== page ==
Magazine article National Defense

Navy Downsizing Force to Pay for New Ships; 'Sea Warrior' Program Will Determine Which Jobs Will Stay, Which Will Go

Magazine article National Defense

Navy Downsizing Force to Pay for New Ships; 'Sea Warrior' Program Will Determine Which Jobs Will Stay, Which Will Go

Article excerpt

To meet growing demands for U.S. maritime presence around the world and adequately support the war-fighting regional commanders, the Navy says it needs more ships, but fewer sailors.

The desired expansion of the fleet--from 292 to about 375 ships--would be financed largely with cutbacks in personnel.

Although the Defense Department has not endorsed the Navy's 375-ship goal, the expectation is that the Pentagon would not object, if the Navy paid for the additional ships with internal savings, without seeking significantly larger shipbuilding budgets.

Those internal savings only can be attained, officials said, by reducing the number of people in the Navy.

The exact scope of the downsizing has not yet been set, but it is clear that the chief of naval operations, Adm. Vernon Clark, has made this a top priority for the next two years.

"The CNO is going to recapitalize the Navy, and he is going after end-strength," said Rear Adm. Robert Cox, director of total force programming, manpower and information resource management.

Some level of downsizing already is underway. For fiscal year 2005, the Navy is budgeting for 7,900 fewer people. A senior Navy official who briefed reporters last month said the cuts would generate savings of $254 million.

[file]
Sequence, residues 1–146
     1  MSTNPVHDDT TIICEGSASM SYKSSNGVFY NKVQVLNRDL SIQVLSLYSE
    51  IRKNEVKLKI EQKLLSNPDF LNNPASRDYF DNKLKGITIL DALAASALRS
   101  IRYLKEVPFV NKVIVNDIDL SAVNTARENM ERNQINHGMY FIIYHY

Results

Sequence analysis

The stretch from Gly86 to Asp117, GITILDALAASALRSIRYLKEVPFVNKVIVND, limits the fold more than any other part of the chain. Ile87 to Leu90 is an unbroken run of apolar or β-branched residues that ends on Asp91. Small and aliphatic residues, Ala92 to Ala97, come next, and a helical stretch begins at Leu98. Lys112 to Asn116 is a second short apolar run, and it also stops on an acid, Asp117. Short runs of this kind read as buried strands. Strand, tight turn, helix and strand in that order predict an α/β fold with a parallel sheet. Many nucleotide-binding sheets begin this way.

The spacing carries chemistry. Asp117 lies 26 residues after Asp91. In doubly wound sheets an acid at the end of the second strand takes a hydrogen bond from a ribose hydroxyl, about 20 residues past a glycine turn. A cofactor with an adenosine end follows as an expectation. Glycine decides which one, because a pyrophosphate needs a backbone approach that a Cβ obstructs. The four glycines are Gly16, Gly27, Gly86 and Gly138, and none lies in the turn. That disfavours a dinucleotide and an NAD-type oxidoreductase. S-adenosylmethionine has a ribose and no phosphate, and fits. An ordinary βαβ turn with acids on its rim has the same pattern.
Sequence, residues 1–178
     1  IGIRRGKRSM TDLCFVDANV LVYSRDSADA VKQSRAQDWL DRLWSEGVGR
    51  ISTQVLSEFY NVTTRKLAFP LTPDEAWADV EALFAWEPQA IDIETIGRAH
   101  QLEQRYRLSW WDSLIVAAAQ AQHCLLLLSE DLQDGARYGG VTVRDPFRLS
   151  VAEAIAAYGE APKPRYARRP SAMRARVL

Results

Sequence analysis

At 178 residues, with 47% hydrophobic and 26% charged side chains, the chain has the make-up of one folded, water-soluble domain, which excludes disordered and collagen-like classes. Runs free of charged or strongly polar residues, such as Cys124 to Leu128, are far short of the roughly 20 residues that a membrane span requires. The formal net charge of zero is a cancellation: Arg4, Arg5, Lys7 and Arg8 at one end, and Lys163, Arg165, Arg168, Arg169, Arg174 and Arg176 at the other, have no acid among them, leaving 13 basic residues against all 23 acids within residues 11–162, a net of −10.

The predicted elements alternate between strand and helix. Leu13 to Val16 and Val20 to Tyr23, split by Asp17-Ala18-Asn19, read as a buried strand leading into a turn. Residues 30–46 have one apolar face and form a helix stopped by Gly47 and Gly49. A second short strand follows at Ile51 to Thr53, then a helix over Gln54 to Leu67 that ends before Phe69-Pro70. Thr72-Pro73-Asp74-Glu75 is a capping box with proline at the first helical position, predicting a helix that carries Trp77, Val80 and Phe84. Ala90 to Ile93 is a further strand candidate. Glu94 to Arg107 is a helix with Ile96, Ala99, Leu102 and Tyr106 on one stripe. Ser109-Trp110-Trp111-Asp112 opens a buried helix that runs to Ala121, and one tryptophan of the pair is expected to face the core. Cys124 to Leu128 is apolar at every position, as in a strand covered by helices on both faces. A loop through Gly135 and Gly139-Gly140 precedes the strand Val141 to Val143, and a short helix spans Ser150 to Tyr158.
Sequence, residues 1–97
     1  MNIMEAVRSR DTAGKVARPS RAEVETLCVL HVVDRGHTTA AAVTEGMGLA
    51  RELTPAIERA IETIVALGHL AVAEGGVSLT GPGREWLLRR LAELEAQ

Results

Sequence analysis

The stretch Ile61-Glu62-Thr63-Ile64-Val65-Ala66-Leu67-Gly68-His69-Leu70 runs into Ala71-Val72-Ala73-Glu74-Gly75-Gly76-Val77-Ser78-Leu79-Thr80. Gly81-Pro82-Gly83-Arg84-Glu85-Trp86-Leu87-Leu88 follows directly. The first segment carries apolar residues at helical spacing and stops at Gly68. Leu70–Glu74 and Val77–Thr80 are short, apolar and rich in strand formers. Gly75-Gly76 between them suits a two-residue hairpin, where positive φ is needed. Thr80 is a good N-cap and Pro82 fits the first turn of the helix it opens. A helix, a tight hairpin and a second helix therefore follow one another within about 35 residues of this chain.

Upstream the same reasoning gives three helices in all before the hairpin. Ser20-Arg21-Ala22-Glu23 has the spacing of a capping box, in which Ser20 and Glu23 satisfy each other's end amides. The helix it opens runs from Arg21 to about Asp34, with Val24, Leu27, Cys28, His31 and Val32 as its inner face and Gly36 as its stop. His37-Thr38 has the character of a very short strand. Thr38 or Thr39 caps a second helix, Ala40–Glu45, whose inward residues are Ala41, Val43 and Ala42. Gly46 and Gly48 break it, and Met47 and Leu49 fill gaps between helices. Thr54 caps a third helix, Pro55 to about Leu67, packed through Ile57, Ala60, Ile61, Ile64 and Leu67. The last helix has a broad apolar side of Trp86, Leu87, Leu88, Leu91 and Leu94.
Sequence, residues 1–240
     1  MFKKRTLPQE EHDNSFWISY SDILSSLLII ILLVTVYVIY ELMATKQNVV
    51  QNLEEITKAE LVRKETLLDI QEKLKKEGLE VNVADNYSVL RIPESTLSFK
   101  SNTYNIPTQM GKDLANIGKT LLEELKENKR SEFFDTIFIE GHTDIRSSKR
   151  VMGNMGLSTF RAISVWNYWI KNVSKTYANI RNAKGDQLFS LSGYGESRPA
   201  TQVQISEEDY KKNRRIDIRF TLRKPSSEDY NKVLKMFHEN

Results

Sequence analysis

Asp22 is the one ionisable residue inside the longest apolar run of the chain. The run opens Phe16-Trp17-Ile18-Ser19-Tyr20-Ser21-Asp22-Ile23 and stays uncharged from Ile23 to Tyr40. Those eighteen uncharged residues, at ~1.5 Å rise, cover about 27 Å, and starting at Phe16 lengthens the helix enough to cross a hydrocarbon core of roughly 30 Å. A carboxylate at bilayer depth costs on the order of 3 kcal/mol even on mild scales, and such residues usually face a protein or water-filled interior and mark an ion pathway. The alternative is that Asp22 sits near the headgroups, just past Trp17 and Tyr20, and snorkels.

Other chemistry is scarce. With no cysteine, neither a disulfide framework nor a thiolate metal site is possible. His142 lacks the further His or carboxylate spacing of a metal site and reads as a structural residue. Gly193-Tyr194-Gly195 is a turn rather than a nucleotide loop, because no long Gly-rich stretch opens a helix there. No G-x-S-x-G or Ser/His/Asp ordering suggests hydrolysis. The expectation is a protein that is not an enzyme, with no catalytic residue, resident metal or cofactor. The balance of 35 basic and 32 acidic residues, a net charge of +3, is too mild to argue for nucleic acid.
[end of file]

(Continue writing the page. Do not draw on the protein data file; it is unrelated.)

The Navy believes it can simultaneously deploy more ships and downsize the force, because ships will be more technologically advanced and staffed with smaller crews. Those crews, however, will be better educated and more skilled than ever before, Cox said in a briefing to the Surface Navy Association, in Arlington, Va.

Cox is overseeing efforts to restructure the human resources, training and education programs in the Navy, under a project called "Sea Warrior."

Although the mandate from the CNO is to make the Navy more efficient and trim the size of ship crews, Cox said the approach is not to indiscriminately "cur to some level," but rather to "analytically understand the work requirements and size the force accordingly."

The current force is based on a "Cold War structure" that fails to meet the increasingly complex needs of U.S. combatant commanders, said Cox. "The combatant commander wants 'effects-based' operations, a specific effect applied to a specific mission," he said. The Sea Warrior program was designed to both satisfy the combatant commanders' demand for more skilled personnel and to reprove the retention of that skilled workforce by making the Navy a more attractive employer, offering better career opportunities.

In the process, the Navy will eliminate those jobs that no longer are viewed as relevant.

The high retention rates of the past two years have resulted in overstaffing, said Vice Adm. Timothy W. LaFleur, commander of naval surface forces, U.S. Pacific Fleet. He said ships today are manned at 104 percent, on average.

Cox expects the official "launch" of Sea Warrior to get under way in the fall of 2005. At that time, the Navy will introduce a "wholesale change of our human resource system," in the form of new career management programs and job requirements,

The Navy's workforce today is about 960,000 strong--including active duty, reservists, civilians and contractors. The size of the future force has yet to be determined, but "it is going to be less than what it's now," said Cox. …

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